Kiwi as

National Party MPs outside the General Assembly Library in 1937

It was 83 years’ ago this weekend that the National Party was formed from the remains of the United and Reform parties. This followed the crushing defeat of the United–Reform coalition government by the Labour Party in the 1935 general election. So, licking their wounds, the remnants of the United–Reform coalition government met in Wellington on 13–14 May 1936 to establish a new ‘anti-socialist’ party. Quote.

The conference in the Dominion Farmers’ Institute Building was attended by 11 members of the Dominion Executive of the National Political Federation (the body that had run United–Reform’s 1935 campaign), 232 delegates from around the country, representatives of women’s and youth organisations, and most of the re-elected anti-Labour MPs.

The party was named the New Zealand National Party to signal a clean break with United and Reform, which had been discredited by their handling of the Depression. Adam Hamilton was elected as its first leader in October 1936.

The National Party grew quickly and by the time of its third annual conference in August 1938 it boasted more than 100,000 members. Even so, it would take a further 11 years for the party to win office for the first time. End quote.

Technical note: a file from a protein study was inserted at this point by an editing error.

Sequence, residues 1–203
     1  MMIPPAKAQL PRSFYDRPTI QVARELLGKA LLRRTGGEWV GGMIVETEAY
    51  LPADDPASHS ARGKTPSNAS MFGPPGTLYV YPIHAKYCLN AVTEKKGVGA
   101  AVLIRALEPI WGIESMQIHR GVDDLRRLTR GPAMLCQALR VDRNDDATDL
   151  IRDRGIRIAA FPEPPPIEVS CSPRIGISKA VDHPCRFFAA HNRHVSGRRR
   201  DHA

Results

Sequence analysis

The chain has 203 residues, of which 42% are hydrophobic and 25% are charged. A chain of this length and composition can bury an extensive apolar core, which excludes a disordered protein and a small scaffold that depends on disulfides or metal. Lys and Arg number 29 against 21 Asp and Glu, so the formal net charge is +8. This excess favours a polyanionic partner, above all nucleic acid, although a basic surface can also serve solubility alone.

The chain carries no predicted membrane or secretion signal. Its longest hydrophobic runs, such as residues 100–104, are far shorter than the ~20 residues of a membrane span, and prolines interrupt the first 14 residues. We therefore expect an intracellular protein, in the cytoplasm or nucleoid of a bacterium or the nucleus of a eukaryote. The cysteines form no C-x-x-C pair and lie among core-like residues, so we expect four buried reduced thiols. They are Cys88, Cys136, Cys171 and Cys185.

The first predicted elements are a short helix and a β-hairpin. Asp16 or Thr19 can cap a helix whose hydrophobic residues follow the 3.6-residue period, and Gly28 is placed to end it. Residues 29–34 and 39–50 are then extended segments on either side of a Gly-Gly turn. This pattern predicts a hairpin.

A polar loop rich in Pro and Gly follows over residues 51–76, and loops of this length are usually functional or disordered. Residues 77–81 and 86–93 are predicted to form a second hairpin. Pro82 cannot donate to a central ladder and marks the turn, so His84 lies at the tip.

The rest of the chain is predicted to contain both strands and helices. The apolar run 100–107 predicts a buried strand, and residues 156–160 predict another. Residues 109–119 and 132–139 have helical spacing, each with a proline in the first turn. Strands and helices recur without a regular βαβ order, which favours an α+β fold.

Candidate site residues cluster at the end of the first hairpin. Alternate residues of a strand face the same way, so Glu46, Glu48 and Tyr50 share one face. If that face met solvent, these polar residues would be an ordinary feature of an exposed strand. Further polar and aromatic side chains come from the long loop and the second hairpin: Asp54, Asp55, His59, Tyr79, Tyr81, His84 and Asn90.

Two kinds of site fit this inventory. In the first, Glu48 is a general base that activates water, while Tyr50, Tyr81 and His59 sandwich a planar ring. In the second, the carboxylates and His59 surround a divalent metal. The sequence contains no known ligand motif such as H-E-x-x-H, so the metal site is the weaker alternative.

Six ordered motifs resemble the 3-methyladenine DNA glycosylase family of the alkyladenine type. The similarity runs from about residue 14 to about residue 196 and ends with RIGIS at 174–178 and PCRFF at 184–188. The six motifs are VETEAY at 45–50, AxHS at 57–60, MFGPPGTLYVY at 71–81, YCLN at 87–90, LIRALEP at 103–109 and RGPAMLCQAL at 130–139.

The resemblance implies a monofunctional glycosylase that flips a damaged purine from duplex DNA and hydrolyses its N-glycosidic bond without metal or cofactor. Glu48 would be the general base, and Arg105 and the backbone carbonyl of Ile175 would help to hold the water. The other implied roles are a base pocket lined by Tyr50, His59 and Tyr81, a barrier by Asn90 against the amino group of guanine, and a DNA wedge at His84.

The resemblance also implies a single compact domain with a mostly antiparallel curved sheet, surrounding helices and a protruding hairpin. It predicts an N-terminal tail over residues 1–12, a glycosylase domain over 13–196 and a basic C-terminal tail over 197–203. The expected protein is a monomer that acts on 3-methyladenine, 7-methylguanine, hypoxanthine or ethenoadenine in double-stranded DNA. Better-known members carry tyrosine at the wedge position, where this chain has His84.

NZ History


The founding principles of this new ‘anti-socialist’ party were:

  • To promote good citizenship and self-reliance;
  • to combat communism and socialism;
  • to maintain freedom of contract;
  • to encourage private enterprise;
  • to safeguard individual rights and the privilege of ownership;
  • to oppose interference by the State in business, and State control of industry.

How do these compare with the current National Party ‘values’?

  • Loyalty to our country, its democratic principles, and our Sovereign as Head of State
  • National and personal security
  • Equal citizenship and equal opportunity
  • Individual freedom and choice
  • Personal Responsibility
  • Competitive enterprise and reward for achievement
  • Limited government
  • Strong families and caring communities
  • Sustainable development of our environment

Over to our wonderful commenters to compare and contrast. Will they still be here in another 83 years?

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